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Nicomachean Ethics   

as living together (since while it people who are in need that desire
benefits, even those who are supremely happy desire to spend their
days together; for solitude suits such people least of all); but
people cannot live together if they are not pleasant and do not enjoy
the same things, as friends who are companions seem to do.
The truest friendship, then, is that of the good, as we have
frequently said; for that which is without qualification good or
pleasant seems to be lovable and desirable, and for each person that
which is good or pleasant to him; and the good man is lovable and
desirable to the good man for both these reasons. Now it looks as if
love were a feeling, friendship a state of character; for love may be
felt just as much towards lifeless things, but mutual love involves
choice and choice springs from a state of character; and men wish well
to those whom they love, for their sake, not as a result of feeling
but as a result of a state of character. And in loving a friend men
love what is good for themselves; for the good man in becoming a
friend becomes a good to his friend. Each, then, both loves what is
good for himself, and makes an equal return in goodwill and in
pleasantness; for friendship is said to be equality, and both of these
are found most in the friendship of the good.
Between sour and elderly people friendship arises less readily,
inasmuch as they are less good-tempered and enjoy companionship less;
for these are thou to be the greatest marks of friendship productive
of it. This is why, while men become friends quickly, old men do not;
it is because men do not become friends with those in whom they do not
delight; and similarly sour people do not quickly make friends either.
But such men may bear goodwill to each other; for they wish one
another well and aid one another in need; but they are hardly friends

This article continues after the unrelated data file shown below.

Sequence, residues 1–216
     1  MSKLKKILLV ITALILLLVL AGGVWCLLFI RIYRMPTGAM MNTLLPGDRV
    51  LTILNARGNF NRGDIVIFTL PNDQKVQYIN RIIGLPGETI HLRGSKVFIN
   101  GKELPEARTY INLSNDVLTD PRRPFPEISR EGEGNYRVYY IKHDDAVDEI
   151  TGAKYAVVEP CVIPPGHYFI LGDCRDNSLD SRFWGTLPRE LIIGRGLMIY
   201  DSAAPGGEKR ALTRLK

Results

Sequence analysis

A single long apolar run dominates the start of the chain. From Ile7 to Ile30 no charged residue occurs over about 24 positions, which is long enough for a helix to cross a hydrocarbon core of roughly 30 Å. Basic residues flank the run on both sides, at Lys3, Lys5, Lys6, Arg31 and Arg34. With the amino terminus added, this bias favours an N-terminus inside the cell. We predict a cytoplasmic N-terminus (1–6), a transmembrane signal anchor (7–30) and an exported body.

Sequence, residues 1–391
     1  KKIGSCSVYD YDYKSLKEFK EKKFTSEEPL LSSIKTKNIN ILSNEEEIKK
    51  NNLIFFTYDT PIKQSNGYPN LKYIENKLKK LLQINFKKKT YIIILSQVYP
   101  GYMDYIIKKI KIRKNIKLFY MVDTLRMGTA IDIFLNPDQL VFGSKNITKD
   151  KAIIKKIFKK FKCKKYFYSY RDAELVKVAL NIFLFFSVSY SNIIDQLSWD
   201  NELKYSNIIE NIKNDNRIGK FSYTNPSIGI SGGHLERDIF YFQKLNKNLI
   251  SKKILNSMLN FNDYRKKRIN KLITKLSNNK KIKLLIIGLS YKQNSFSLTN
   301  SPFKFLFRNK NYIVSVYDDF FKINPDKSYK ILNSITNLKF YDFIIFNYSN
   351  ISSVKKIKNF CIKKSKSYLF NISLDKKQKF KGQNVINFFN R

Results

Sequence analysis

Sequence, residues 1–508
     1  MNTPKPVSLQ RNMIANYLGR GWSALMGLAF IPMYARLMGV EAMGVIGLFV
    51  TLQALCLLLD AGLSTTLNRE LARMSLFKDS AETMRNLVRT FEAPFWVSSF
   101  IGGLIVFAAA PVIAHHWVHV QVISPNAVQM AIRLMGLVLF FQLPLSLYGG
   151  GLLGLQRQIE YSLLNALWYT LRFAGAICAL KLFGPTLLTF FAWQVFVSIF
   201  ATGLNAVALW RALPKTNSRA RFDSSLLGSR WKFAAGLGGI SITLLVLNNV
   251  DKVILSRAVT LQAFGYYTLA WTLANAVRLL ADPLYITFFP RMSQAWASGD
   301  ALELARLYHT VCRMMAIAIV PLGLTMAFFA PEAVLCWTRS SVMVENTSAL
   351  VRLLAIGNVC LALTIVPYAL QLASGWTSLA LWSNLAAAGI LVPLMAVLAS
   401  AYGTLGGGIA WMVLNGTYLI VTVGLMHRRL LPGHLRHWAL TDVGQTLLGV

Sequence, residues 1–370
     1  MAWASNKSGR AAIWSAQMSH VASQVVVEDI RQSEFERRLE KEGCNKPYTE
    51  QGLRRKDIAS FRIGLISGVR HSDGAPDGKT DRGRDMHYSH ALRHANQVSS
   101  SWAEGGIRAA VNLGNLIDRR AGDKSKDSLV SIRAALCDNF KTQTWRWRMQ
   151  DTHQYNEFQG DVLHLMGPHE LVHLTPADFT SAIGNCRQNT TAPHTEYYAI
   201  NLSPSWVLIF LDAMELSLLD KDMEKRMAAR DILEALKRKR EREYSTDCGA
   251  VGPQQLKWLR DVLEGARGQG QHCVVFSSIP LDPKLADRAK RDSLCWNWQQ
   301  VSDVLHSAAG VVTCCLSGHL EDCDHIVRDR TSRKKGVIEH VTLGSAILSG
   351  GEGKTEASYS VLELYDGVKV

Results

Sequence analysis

because they do not spend their days together nor delight in each
other, and these are thought the greatest marks of friendship.
One cannot be a friend to many people in the sense of having
friendship of the perfect type with them, just as one cannot be in
love with many people at once (for love is a sort of excess of
feeling, and it is the nature of such only to be felt towards one
person); and it is not easy for many people at the same time to please
the same person very greatly, or perhaps even to be good in his eyes.
One must, too, acquire some experience of the other person and become
familiar with him, and that is very hard. But with a view to utility
or pleasure it is possible that many people should please one; for
many people are useful or pleasant, and these services take little
Of these two kinds that which is for the sake of pleasure is the more
like friendship, when both parties get the same things from each other
and delight in each other or in the things, as in the friendships of
the young; for generosity is more found in such friendships.
Friendship based on utility is for the commercially minded. People who
are supremely happy, too, have no need of useful friends, but do need
pleasant friends; for they wish to live with some one and, though they
can endure for a short time what is painful, no one could put up with
it continuously, nor even with the Good itself if it were painful to
him; this is why they look out for friends who are pleasant. Perhaps
they should look out for friends who, being pleasant, are also good,
and good for them too; for so they will have all the characteristics
that friends should have.
People in positions of authority seem to have friends who fall into
distinct classes; some people are useful to them and others are
pleasant, but the same people are rarely both; for they seek neither
those whose pleasantness is accompanied by virtue nor those whose
utility is with a view to noble objects, but in their desire for
pleasure they seek for ready-witted people, and their other friends
they choose as being clever at doing what they are told, and these
characteristics are rarely combined. Now we have said that the good
man is at the same time pleasant and useful; but such a man does not

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